For the past 40 years, the race for the American Presidency has begun in the state of Iowa, where candidates spend months traveling the state's 99 counties hoping to win its “first-in-the-nation” vote and prove themselves a viable candidate.
In intimate, often funny and sometimes emotional detail, CAUCUS tells the story of the 2011-2012 campaign in Iowa as eight Republicans fight to become their party’s standard-bearer and take on Barack Obama. But to win, each has to first navigate state fairs, town hall meetings in pizza halls and agitated questions from the increasingly contentious GOP base.
A never-before-seen look at an unforgettable political season, CAUCUS re-introduces viewers to the remarkable and unorthodox GOP field with special focus on former Senator Rick Santorum - the working-class, social conservative warrior with no money and little operational support - as he tries to win the 2012 Iowa Caucus the old-fashioned way, by going town-to-town, meeting voters one-on-one, campaigning in a pick-up truck, and Representative Michele Bachmann - the charismatic Congresswoman and self-proclaimed Tea Party leader, who was born in Iowa and forms an instant connection with the religious and fiscal conservatives who still live there. Both would fight to stay relevant in a contest where nearly every candidate would lead the race at some point - the Governor of Texas, the former U.S. House Speaker, a former pizza chain CEO and the presumed national frontrunner that no one seems particularly enthusiastic about.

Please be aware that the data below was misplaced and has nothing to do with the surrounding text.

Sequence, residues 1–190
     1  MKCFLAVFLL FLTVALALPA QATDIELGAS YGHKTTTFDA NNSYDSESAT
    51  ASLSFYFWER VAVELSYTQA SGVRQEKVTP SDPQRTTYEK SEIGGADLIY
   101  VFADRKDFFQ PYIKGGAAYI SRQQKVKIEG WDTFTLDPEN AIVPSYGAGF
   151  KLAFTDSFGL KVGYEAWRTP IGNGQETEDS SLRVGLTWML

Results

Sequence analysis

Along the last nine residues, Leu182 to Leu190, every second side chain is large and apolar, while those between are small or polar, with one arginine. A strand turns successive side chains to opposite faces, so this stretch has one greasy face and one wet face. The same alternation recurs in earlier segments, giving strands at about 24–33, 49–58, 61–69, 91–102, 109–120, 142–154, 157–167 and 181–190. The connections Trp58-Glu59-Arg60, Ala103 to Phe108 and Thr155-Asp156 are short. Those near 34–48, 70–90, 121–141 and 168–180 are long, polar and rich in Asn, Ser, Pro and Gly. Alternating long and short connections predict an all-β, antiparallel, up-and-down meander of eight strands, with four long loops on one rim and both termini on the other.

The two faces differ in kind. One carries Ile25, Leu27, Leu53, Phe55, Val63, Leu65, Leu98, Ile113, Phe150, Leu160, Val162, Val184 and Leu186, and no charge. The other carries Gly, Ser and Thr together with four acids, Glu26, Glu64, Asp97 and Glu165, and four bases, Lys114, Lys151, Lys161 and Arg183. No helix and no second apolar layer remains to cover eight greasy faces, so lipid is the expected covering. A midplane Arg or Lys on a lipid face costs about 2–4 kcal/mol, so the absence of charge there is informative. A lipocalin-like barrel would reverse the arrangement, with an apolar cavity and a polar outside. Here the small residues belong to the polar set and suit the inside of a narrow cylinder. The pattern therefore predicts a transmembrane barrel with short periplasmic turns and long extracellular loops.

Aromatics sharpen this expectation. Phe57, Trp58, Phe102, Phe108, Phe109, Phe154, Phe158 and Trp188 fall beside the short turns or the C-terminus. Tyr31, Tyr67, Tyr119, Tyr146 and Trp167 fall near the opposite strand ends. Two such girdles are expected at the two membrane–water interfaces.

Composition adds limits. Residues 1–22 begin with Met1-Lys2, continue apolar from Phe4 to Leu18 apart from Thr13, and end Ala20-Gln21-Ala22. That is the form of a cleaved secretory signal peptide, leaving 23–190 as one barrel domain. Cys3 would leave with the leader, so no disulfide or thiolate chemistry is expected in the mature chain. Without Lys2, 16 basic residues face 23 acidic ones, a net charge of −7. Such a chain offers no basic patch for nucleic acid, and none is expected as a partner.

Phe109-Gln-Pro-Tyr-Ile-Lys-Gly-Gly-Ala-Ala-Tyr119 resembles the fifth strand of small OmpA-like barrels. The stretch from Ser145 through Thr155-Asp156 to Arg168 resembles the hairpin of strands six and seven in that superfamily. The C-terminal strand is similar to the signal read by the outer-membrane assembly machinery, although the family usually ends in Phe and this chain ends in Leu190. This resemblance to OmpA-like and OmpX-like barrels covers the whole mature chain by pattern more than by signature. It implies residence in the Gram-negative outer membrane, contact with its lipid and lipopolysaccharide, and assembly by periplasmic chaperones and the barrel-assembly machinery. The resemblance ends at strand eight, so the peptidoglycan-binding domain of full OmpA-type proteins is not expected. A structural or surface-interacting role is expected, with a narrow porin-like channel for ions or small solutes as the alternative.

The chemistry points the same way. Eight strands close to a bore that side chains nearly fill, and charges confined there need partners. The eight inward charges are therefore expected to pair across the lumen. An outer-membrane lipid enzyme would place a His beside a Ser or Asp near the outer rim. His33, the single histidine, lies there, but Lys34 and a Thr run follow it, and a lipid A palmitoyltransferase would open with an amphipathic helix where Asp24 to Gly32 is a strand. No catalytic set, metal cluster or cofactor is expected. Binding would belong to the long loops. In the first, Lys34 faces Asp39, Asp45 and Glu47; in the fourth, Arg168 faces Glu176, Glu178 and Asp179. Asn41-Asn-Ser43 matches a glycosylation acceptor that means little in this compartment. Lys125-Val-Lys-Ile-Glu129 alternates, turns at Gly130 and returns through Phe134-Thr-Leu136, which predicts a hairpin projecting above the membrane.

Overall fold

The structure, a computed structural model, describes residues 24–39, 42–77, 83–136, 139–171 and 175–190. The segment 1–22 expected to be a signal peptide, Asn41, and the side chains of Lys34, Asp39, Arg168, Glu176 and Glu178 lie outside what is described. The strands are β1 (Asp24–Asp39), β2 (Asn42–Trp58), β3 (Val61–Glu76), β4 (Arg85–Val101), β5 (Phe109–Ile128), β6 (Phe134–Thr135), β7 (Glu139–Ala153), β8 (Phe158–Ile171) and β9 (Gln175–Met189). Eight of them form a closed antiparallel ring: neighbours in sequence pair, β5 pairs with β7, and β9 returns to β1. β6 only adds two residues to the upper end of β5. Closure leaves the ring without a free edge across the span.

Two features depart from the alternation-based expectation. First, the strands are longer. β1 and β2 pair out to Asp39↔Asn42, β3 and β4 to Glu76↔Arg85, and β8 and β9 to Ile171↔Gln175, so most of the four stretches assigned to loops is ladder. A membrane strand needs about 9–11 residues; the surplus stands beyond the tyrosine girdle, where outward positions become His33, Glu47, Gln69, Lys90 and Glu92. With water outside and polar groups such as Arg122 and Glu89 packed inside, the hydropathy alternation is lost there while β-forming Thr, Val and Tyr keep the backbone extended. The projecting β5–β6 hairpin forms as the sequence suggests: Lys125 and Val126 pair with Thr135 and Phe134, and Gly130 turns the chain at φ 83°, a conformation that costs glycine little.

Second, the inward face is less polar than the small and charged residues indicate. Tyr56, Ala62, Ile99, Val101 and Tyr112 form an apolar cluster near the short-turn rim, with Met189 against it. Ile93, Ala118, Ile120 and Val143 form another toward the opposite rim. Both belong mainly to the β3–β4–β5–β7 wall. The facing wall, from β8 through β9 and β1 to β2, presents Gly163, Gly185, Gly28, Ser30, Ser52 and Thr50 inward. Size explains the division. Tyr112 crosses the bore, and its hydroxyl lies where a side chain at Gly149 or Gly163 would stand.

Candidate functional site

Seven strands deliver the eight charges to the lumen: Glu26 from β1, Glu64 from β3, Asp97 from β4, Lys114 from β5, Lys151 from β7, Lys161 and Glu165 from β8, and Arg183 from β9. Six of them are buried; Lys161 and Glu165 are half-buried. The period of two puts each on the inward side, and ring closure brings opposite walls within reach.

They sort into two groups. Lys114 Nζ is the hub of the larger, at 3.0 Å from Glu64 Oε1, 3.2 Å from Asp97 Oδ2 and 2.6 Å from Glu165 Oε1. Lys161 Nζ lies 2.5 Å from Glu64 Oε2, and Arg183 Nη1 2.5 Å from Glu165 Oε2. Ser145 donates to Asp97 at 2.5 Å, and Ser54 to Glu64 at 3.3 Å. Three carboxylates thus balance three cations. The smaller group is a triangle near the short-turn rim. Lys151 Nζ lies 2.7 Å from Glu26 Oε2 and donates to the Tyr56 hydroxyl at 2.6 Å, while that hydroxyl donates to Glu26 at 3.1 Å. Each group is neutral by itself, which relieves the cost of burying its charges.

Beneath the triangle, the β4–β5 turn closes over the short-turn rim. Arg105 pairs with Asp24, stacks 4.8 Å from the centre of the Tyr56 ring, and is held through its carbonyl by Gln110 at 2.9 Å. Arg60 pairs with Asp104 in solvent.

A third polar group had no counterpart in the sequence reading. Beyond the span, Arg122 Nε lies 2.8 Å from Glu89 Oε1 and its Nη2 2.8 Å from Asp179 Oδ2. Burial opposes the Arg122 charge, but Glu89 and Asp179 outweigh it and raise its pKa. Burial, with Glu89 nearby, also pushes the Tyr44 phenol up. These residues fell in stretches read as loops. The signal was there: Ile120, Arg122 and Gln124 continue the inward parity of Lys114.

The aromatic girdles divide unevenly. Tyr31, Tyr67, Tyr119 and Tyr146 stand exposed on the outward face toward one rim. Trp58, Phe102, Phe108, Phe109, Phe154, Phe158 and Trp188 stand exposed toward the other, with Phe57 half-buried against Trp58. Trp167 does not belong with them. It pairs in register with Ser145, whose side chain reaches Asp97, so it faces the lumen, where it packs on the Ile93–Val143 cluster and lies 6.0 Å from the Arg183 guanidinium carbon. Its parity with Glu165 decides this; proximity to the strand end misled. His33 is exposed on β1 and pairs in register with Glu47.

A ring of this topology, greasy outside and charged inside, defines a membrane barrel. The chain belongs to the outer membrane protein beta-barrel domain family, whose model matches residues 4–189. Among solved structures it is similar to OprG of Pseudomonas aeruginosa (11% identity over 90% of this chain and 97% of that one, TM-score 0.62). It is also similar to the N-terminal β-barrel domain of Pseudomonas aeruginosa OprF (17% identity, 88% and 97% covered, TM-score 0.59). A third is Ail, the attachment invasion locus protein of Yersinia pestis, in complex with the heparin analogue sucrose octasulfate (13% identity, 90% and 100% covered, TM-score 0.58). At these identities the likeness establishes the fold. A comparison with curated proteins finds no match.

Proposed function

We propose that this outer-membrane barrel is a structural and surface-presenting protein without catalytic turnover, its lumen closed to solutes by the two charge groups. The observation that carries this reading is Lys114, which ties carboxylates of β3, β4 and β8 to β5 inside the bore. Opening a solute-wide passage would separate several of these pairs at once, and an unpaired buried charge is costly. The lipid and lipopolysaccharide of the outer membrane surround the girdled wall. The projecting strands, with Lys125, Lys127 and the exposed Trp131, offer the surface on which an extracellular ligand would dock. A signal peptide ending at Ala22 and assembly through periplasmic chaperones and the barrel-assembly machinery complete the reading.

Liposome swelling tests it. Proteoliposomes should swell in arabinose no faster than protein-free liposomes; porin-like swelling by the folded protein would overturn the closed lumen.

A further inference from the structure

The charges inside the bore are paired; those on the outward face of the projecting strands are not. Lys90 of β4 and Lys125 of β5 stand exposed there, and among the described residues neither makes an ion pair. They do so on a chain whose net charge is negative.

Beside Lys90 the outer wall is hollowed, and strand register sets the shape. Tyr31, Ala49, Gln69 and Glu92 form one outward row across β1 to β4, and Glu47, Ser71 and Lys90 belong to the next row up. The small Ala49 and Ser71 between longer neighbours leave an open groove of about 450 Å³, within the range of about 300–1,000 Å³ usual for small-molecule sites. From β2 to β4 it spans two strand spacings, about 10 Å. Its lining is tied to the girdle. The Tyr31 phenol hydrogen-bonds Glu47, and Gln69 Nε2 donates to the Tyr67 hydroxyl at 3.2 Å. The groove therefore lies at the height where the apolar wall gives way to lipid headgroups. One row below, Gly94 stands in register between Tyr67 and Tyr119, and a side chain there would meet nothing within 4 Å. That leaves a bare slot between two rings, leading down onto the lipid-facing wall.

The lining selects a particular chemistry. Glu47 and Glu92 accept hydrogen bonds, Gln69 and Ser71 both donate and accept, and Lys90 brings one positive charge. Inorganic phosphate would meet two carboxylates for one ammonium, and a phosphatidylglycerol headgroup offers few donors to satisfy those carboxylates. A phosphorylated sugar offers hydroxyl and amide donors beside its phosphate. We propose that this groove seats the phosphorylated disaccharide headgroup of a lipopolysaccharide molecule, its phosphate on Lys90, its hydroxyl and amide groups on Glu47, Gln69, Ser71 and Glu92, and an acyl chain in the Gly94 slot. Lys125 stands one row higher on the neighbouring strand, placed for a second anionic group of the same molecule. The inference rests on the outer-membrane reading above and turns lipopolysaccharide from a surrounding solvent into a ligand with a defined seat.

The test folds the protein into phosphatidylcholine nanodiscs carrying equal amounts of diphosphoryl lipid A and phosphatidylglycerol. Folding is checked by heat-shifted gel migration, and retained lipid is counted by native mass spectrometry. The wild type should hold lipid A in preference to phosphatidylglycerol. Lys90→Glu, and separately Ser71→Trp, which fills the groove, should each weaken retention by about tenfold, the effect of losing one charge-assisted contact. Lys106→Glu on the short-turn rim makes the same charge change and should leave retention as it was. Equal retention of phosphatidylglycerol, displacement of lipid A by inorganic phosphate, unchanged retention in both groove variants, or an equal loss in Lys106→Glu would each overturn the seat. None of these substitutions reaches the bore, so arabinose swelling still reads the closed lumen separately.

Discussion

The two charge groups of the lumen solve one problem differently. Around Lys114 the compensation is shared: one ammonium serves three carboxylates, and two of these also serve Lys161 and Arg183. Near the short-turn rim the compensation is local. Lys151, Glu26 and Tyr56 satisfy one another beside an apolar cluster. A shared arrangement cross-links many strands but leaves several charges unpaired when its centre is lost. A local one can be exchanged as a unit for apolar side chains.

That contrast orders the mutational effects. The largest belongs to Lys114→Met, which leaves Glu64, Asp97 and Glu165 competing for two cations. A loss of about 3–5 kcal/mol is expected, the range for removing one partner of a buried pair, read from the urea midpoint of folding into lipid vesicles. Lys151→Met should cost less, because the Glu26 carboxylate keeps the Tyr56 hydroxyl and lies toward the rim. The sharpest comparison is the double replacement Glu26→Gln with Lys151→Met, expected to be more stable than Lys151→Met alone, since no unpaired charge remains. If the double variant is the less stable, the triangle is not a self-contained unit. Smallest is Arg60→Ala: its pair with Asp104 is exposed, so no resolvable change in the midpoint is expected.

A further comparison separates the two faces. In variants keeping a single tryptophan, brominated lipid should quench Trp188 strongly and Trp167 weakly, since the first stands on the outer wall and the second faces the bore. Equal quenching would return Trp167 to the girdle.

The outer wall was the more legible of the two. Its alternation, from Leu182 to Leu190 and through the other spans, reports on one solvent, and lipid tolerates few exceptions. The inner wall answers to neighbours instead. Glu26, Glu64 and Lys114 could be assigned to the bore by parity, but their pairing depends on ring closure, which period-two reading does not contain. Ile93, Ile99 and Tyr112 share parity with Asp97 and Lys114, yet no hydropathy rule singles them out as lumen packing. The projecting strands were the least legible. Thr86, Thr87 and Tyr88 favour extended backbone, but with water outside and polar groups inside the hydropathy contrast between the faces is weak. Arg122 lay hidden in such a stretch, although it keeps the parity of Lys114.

From Bachmann's greatest triumph - her victory in the summer's Ames Straw Poll - to the long autumn where her popularity plummeted and tracking the slow rise of Santorum, in his own persistent battle for attention against all odds and mountains of super-PAC cash, CAUCUS is both a postmortem on the 2012 campaign, and a glimpse at the challenges that the Republican party finds themselves still facing a year later.